Another thing: we didn’t detune the tips and tails over the first couple of days, and Jason and I would both highly recommend this. My first day skiing dense, fresh snow on West Rustler and Lone Pine, the tips were demonstrating some hooky behavior.

From the tip, we detuned the edges about one and a half inches down the ski, past the widest point of the shovel. From the tail, we detuned down to about an inch in front of the widest point of the tail. This noticeably improved groomer and chop performance.

On our second day out, nine inches of fresh snow had fallen, and Lone Pine and West Rustler were skiing incredibly well. I wasn’t getting bucked around, and there was no tip dive.

As I mentioned earlier, we were also skiing the Blizzard Bonafides, and Jason and I both felt that the 99s were very nearly as good on groomers, while being a more playful and more nimble around the mountain. In the fairly dense, fresh snow on West Rustler and Lone Pine, both Jason and I were getting bucked less on the Wailers, which we felt was due to the fact that, while the tips of the 99s and the Bonafides are both relatively soft, the 99s maintain their underfoot stiffness further up the shovel than the Bonafide, which stabilized the ride in boot deep, dense, fresh, maching big turns down West Rustler.

14 Comments

  1. michael gurtman November 26, 2011 Reply

    Thanks for the review! I just picked up a pair from DPS and was wondering if you have tried the 99 Wailers mounted forward?
    Thank You,
    Michael

  2. Jason November 27, 2011 Reply

    Michael,
    I’ve been riding the 99’s for about a week now and I can assure you that you are in for a treat once you get them mounted up. For the past few days I’ve been planning on moving the bindings ahead, a move that I typically do as I usually prefer a slightly forward mount, but honestly I still haven’t done it. I haven’t found a real reason yet to try them forward as they are absolutely crushing everything at the recommended line. The skis are insanely light, swing weight/balance in the air is a complete non-issue. The tails are stout enough that I feel like I don’t really want any more back there in added length or stiffness. Lastly I’m not sure if I’d want them further forward when it comes to skiing pow or chopped up left overs.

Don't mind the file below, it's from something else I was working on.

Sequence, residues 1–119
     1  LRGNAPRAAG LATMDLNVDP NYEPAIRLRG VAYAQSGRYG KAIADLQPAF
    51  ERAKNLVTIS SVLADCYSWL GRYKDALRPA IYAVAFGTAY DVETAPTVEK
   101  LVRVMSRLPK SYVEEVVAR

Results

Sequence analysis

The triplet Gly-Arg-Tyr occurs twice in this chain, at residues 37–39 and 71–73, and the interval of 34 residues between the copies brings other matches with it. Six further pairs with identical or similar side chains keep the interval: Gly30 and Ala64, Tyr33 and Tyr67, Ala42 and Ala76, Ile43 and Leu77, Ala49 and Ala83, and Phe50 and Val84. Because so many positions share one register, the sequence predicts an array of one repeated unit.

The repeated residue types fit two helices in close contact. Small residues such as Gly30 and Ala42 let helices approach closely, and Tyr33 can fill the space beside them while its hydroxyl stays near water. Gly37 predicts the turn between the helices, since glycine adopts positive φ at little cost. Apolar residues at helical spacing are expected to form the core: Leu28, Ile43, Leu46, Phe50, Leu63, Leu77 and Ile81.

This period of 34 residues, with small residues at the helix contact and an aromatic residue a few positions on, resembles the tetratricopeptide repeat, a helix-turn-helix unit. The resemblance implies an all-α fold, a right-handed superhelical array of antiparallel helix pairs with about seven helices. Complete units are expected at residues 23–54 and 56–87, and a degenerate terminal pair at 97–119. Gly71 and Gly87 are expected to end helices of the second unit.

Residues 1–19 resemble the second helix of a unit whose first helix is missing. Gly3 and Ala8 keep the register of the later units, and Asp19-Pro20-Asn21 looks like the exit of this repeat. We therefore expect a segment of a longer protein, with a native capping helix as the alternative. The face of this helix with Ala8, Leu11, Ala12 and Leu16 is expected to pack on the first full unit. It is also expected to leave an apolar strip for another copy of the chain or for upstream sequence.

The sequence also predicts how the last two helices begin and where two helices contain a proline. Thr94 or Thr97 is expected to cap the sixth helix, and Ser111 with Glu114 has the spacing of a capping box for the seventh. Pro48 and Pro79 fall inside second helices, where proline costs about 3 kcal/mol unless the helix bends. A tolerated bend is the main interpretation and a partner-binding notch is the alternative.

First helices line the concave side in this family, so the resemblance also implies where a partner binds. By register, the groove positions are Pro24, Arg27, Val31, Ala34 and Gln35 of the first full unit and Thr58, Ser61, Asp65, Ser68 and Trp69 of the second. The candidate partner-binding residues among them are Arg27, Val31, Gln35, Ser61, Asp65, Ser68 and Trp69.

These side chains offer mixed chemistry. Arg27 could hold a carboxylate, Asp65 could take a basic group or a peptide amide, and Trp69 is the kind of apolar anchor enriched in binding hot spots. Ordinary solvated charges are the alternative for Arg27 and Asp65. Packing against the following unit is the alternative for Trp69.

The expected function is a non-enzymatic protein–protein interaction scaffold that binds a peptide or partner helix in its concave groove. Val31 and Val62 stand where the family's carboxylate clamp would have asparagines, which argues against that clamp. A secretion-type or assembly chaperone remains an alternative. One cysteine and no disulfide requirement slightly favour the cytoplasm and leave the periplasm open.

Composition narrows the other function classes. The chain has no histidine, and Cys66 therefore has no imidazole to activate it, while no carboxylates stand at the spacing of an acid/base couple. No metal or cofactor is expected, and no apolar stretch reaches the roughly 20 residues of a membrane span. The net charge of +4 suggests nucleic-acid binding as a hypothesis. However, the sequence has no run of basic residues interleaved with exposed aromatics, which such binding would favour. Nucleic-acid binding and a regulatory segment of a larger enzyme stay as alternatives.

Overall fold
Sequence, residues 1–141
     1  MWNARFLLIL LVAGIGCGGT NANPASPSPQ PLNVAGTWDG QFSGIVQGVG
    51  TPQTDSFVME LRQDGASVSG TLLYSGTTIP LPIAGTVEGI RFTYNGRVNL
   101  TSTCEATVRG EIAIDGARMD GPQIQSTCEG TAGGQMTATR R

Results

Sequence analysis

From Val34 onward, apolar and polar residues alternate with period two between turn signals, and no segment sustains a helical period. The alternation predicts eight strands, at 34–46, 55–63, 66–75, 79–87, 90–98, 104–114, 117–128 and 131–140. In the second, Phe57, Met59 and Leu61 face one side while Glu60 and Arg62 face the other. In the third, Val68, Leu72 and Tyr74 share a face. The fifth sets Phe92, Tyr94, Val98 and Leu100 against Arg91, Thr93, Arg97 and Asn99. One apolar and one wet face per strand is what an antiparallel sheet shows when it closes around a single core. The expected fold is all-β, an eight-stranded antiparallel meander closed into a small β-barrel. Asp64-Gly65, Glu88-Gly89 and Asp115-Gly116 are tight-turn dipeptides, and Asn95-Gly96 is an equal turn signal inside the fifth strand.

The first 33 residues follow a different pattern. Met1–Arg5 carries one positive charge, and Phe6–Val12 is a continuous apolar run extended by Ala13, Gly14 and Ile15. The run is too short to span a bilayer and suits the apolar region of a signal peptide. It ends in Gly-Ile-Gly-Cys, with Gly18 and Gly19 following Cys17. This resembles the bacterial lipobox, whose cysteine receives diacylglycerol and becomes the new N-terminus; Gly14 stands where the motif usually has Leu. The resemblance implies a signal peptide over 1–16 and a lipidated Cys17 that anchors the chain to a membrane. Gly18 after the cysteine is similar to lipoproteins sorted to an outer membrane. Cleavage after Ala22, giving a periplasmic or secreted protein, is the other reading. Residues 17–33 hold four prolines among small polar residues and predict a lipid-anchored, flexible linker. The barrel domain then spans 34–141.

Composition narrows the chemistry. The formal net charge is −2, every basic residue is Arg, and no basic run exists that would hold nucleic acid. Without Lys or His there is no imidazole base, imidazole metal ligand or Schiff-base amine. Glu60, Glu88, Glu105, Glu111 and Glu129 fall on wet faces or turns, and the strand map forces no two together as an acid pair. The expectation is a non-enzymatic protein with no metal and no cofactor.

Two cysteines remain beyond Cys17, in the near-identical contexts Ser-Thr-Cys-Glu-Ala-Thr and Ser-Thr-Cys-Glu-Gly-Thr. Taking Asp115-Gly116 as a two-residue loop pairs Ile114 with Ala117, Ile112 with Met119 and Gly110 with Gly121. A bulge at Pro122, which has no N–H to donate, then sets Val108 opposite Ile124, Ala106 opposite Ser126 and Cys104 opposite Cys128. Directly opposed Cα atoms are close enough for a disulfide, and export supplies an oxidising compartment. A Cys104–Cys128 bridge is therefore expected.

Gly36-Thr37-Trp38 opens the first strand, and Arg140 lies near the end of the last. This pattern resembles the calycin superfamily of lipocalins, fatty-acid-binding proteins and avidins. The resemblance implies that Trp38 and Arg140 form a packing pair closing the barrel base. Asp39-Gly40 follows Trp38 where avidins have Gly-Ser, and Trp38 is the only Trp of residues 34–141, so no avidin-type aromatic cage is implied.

With all this being said, tomorrow I’m going to play around with it and move them forward. If anything blows my mind I’ll drop a quick note here, if not I’ll be posting a pretty in-depth second look early in the week. Right now I say mount at the recommended line and go have fun on them!

    Jason

  3. rod georgiu November 29, 2011 Reply

    I asked you a couple of weeks ago about how these compare with the Bonafides, and thank you for the reviews. I am considering getting the pure 99 for steep backcountry skiing on the East side of the Sierras, mostly steep couloirs. Snow there is mostly inconsistent, wind affected, some firm, some corn.
    Mostly jump turns in the steep (50 degrees).
    1. How do you think these skis would work there?
    2. You mentioned a few times the stiff tails. I am an expert skier, but sometimes i do get in the back seat. I am on K2 Hardsides now. Is the pure 99 tail stiffer than the hardside? or the Mantra?
    3, Any other ski I should consider?

    thank you very much. I know the answers won’t be straightforward, but give it your best guess.

  4. Author

    1) Jump turns are simply easier on super light skis. +1 Wailer 99s.